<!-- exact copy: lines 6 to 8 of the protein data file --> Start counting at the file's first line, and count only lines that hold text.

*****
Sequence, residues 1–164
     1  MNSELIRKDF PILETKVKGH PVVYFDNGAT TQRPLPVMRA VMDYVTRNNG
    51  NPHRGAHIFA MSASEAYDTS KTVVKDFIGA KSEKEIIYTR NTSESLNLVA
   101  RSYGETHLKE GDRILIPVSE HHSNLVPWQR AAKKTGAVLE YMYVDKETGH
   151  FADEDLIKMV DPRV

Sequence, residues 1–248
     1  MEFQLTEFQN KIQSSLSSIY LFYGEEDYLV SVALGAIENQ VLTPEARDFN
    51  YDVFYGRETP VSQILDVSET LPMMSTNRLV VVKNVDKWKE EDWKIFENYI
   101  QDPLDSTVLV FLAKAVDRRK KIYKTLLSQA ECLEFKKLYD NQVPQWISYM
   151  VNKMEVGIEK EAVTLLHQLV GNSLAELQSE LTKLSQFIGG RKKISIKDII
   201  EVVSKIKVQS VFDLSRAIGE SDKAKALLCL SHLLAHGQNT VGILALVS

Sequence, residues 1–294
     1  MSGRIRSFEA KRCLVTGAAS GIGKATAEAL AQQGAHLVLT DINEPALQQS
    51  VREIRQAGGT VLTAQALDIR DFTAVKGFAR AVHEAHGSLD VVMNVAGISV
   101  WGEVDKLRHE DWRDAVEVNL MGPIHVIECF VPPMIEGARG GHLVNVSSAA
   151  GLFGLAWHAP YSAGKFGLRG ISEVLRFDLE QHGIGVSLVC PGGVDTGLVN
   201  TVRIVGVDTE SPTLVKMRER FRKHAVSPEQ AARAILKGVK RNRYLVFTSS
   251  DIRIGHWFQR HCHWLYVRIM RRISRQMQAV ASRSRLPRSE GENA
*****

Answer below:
Sequence, residues 1–248
     1  MEFQLTEFQN KIQSSLSSIY LFYGEEDYLV SVALGAIENQ VLTPEARDFN
    51  YDVFYGRETP VSQILDVSET LPMMSTNRLV VVKNVDKWKE EDWKIFENYI